. . . being a celebration of the Life, the acts
The Man In The Arena is a celebration of Theodore Roosevelt – the essential American. Owen Wister, who knew him well, called him “the most American American who ever lived!”
He is famous for what was supposedly his favorite saying: “Speak softly and carry a Big Stick!” In fact, his favorite saying was “Do what you can, with what you’ve got, where you are.” He loved power, and he used power like no president before or since, not even Lincoln in wartime – but always with a profound sense of responsibility. He fought hard for regular people, he held out for high ideals, and he never preached anything he didn’t practice. That was the example he left us with. His courage, his honesty, his character, his energy and his profound vision for America are beacons shining through the ages. At his best, he showed us what we can be at our best, and taught us what it means to be Americans.
Our debt to him in this is almost beyond calculation. But even more than that, his attraction lasts as one of the most interesting men who ever lived – a man who was interesting because he was interested. There is no subject about which he did not thirst for knowledge: history, politics, philosophy, nature, linguistics, taxidermy, poetry – the list is endless. He loved books – he read in seven languages, including Portuguese. He wrote books – thirty-six books in all on a bewildering variety of subjects. He was a man who loved to talk philology with Harvard professors and bug collections with six-year-olds. His colossal and kaleidoscopic passion for life and learning is just another of the many layers of his personality and another cause for our admiration.
We can hardly pitch this show as a show about EDI. It’s about Theodore Roosevelt and he was a Victorian aristocrat. He was a 19th century man, not a 21st century one, and his ideas regarding Equality, Diversity and Inclusion are hardly the ideals we pursue today. But I think we can pitch him, and pitch him very strongly, as a pioneer – as a man who saw the future and fought hard to see that ordinary people of all races and colors got what he liked to call “a square deal!”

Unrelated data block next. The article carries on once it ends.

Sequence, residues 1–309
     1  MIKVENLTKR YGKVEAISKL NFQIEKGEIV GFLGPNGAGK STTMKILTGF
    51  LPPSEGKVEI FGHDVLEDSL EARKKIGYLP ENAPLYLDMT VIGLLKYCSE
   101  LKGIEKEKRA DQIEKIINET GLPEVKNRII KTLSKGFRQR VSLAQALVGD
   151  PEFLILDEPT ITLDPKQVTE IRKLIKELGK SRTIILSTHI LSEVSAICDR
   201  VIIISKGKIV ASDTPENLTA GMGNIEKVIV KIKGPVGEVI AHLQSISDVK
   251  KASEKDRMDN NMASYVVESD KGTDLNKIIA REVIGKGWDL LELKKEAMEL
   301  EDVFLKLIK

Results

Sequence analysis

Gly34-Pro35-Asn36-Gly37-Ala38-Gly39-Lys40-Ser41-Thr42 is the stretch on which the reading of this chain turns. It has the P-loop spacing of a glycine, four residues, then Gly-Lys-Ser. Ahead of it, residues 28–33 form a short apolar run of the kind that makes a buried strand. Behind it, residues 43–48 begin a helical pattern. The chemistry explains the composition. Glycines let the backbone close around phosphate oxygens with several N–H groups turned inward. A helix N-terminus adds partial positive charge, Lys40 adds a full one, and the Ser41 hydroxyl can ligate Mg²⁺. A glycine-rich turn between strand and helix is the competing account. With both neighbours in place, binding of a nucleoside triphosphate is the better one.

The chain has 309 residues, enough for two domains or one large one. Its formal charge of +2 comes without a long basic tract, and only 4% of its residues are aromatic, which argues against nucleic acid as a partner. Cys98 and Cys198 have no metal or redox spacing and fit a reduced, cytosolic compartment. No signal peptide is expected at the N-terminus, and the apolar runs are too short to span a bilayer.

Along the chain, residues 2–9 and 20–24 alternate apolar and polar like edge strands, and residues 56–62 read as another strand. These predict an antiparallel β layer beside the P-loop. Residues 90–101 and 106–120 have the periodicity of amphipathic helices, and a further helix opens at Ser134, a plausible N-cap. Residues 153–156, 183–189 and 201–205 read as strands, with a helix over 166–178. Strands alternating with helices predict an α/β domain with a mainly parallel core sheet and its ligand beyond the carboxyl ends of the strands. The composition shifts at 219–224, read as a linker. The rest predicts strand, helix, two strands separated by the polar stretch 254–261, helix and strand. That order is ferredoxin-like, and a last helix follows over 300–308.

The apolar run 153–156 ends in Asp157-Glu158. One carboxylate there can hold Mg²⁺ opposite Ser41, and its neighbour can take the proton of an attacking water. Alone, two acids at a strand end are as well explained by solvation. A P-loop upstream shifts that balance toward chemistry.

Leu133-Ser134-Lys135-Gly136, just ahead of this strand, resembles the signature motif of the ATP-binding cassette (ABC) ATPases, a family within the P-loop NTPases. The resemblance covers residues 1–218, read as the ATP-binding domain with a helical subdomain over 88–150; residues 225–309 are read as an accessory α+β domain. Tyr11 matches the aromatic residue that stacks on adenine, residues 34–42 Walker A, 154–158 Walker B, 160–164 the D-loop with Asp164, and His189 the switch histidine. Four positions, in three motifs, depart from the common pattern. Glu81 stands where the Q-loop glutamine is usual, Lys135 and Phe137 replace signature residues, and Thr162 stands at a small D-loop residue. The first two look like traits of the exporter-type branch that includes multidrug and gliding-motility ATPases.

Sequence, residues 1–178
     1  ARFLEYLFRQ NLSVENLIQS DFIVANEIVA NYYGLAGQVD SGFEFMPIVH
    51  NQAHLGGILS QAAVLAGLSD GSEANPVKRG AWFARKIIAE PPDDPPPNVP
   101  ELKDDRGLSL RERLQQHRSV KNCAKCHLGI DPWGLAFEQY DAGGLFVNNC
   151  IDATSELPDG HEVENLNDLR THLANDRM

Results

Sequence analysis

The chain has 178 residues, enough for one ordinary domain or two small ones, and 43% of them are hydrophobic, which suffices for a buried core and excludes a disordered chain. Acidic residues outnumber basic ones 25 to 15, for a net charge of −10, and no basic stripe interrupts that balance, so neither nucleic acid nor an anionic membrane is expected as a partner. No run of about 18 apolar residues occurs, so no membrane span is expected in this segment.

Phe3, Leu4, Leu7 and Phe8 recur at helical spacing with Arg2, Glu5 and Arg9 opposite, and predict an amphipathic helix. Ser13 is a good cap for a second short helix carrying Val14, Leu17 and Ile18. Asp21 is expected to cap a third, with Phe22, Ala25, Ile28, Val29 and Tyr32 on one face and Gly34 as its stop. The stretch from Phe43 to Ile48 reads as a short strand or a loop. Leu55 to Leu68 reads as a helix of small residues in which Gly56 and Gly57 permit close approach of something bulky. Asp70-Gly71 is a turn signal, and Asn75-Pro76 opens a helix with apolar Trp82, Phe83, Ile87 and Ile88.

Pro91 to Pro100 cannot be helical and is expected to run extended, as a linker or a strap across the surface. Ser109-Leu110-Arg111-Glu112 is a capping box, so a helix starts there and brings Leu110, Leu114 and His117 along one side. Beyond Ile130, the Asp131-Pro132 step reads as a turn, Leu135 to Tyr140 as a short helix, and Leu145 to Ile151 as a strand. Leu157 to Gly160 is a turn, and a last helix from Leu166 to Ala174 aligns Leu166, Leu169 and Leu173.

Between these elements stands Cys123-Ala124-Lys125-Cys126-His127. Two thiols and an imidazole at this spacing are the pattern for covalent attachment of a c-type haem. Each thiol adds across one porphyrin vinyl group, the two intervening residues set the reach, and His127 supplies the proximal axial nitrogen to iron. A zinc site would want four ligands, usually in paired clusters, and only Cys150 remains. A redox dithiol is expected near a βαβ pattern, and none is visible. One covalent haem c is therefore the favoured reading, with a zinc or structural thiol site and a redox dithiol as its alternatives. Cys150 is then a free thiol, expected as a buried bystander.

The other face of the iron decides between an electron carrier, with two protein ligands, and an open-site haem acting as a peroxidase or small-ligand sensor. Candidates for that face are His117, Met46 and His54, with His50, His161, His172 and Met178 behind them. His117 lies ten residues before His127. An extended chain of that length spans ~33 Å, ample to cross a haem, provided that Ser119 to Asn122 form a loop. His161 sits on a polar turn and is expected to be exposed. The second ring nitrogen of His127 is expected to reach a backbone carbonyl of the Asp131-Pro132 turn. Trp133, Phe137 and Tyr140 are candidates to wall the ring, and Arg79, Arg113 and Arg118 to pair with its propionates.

Regarding Native Americans, TR was friends with Quanah Parker. Parker was the last of the great Comanche war chiefs, but because he was half White he escaped becoming a prisoner of war when the fighting ended. Parker was one of the six Indians who rode in TR’s inaugural parade in 1905. He and TR worked very closely together over several years on a pet project of TR’s: repopulating the buffalo herds in western Oklahoma.
Regarding African Americans. TR was longtime friends with Booker T. Washington. The first time a Black man ever sat down to dinner at the White House was when Washington accepted Roosevelt’s invitation during the first month of his administration. Also, Roosevelt sat on the board of directors at the Tuskegee Institute for many years.
There is also the story of Minnie Cox. She was a Black woman who was postmistress in Indianola Mississippi. Some of the local White folks didn’t like her and the Governor demanded that TR remove her. He at first refused, but when she began to get death threats he agreed, but he informed the Governor that since she had received the highest score of any applicant on the Civil Service exam he could hardly be expected to replace her with someone who had gotten a lower score. Therefore he would have to close down the Post Office and he hoped the good citizens of Indianola would not mind having to walk six miles to the nearest town to pick up their mail.
In the words of Derek Evans, who so aptly portrays President Theodore Roosevelt, To bring this astonishing man alive...is the purpose of The Man In The Arena.
Derek Evans is a professional actor and scholar who has spent a career of almost 40 years engaged in educational presentations for schools, colleges, museums and libraries. He has conservatory training at the American Conservatory Theatre in San Francisco and at New York University and holds bachelors and masters degrees from Northwestern University. He is a veteran of over 40 stage productions in New York, Philadelphia, Chicago and San Francisco.
In addition to his legitimate theatre career, from 1969 to 1988 he wrote, produced and performed in educational programs in association with Chicago’s Urban Gateways. These totaled almost seven thousand performances for more than two million students over a period of twenty years and included Shakespeare, opera and American and British literary adaptations.
Since 1995 he has concentrated on living history presentations on Theodore Roosevelt, which have now totaled over 500 performances.
Derek’s one man show was a huge success with the Lancaster County audience and makes for a perfect fit in these times of limited and flexible programming. I highly recommend The Man In The Arena!
Ware and Winter Centers
Theodore Roosevelt—The Man in the Arena